Norman Abramson, a professor at the University of Hawaii, developed the world's first wireless computer communication network, ALOHAnet (operational in 1971), using low-cost ham-like radios. The system included seven computers deployed over four islands to communicate with the central computer on the Oahu Island without using phone lines.
Wireless LAN hardware initially cost so much that it was only used as an alternative to cabled LAN in places where cabling was difficult or impossible. Early development included industry-specific solutions and proprietary protocols, but at the end of the 1990s these were replaced by standards, primarily the various versions of IEEE 802.11 (in products using the Wi-Fi brand name). Beginning in 1991, a European alternative known as HiperLAN/1 was pursued by the European Telecommunications Standards Institute (ETSI) with a first version approved in 1996. This was followed by a HiperLAN/2 functional specification with ATM influences accomplished February 2000. Neither European standard achieved the commercial success of 802.11, although much of the work on HiperLAN/2 has survived in the physical specification (PHY) for IEEE 802.11a, which is nearly identical to the PHY of HiperLAN/2.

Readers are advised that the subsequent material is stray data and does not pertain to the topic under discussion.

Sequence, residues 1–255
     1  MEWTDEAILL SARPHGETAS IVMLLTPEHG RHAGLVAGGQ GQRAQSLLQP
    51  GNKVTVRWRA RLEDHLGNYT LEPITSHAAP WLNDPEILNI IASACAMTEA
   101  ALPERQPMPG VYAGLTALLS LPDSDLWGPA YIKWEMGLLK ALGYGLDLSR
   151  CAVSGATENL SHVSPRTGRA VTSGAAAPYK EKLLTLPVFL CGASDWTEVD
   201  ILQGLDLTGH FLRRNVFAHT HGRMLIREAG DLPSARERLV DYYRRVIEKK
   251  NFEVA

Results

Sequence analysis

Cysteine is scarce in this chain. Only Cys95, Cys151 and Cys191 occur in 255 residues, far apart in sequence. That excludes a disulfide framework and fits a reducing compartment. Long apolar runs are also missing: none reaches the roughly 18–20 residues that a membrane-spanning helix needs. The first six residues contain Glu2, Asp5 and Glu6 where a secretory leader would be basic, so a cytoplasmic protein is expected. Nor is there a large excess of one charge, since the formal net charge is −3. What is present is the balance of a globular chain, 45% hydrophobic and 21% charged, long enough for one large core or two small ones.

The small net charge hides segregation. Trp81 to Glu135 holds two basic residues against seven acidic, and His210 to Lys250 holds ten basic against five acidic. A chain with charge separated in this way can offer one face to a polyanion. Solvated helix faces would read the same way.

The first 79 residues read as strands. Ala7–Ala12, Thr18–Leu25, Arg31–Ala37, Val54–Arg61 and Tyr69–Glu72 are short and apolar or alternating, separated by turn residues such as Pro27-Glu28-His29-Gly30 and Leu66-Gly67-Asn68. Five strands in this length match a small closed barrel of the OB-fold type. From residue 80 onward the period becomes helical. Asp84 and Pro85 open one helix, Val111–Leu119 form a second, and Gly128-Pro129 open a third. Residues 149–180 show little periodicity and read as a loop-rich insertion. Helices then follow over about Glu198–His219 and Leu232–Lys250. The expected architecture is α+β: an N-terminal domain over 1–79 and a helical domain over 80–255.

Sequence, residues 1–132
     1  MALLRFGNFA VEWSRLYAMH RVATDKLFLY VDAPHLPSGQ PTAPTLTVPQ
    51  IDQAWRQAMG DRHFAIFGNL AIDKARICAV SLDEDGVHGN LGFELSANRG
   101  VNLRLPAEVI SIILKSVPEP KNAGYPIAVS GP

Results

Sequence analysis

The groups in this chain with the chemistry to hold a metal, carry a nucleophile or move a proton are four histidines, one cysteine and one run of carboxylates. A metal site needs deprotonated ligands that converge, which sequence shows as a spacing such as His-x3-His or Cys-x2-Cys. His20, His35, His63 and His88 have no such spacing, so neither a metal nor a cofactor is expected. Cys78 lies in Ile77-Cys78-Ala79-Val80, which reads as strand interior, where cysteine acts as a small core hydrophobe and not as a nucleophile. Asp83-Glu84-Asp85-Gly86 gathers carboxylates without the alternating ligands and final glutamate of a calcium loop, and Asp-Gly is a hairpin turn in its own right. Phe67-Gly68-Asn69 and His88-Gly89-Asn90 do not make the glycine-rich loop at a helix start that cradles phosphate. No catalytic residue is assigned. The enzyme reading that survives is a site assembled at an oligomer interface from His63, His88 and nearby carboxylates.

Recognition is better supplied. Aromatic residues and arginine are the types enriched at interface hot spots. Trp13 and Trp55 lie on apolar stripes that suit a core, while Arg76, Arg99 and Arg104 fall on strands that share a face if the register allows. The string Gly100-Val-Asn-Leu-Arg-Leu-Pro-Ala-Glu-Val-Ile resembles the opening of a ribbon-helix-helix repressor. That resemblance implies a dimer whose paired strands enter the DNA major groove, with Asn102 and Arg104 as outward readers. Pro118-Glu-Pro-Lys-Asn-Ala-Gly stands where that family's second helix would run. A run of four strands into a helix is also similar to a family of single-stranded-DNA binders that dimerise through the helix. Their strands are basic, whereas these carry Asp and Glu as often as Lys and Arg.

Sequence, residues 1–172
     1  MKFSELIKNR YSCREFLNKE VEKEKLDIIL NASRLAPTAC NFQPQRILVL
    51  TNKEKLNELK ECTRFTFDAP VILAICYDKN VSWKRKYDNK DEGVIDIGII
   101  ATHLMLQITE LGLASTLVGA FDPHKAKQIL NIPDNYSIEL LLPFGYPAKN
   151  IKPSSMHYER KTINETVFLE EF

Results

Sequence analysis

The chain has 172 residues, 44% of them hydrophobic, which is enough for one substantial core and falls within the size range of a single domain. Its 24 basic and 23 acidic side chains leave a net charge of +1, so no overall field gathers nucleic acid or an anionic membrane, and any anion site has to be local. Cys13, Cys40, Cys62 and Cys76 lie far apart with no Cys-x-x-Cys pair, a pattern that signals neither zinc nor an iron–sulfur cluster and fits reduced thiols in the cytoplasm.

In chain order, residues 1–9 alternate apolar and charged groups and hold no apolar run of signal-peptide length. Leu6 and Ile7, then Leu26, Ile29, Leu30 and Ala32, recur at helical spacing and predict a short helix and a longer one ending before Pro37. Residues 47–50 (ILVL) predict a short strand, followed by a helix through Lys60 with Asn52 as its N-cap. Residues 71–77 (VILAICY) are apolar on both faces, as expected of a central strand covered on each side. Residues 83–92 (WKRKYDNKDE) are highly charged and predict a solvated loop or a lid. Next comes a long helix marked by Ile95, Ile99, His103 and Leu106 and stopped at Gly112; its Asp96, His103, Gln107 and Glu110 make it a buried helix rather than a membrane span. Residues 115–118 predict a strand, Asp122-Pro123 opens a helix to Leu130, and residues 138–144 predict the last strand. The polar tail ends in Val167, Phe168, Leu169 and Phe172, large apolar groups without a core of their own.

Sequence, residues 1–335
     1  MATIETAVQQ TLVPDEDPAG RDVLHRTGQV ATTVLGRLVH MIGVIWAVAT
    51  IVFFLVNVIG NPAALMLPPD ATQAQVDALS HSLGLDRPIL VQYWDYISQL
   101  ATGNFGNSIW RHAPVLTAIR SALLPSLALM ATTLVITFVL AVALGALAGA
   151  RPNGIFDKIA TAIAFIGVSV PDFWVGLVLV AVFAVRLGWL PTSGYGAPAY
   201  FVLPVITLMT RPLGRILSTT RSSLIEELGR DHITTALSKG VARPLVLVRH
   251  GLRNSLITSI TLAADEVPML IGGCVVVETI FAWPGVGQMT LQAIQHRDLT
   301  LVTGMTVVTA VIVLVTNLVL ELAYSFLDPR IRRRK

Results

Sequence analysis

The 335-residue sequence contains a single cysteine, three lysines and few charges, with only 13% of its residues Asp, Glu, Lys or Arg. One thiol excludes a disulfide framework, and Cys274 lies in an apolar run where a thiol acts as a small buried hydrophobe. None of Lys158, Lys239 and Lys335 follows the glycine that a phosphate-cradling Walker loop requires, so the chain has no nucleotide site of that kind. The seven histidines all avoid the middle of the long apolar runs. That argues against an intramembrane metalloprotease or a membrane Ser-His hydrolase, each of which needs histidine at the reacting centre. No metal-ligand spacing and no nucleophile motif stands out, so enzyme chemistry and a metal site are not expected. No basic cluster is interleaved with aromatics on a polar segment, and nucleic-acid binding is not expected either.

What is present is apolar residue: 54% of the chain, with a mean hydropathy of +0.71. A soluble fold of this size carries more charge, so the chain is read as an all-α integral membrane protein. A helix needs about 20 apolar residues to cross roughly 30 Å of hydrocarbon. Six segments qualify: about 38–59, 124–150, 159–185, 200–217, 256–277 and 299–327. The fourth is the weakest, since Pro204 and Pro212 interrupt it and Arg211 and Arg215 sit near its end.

In 2009 802.11n was added to 802.11. It operates in both the 2.4 GHz and 5 GHz bands at a maximum data transfer rate of 600 Mbit/s. Most newer routers are able to utilise both wireless bands, known as dualband. This allows data communications to avoid the crowded 2.4 GHz band, which is also shared with Bluetooth devices and microwave ovens. The 5 GHz band is also wider than the 2.4 GHz band, with more channels, which permits a greater number of devices to share the space. Not all channels are available in all regions.
A HomeRF group formed in 1997 to promote a technology aimed for residential use, but it disbanded at the end of 2002.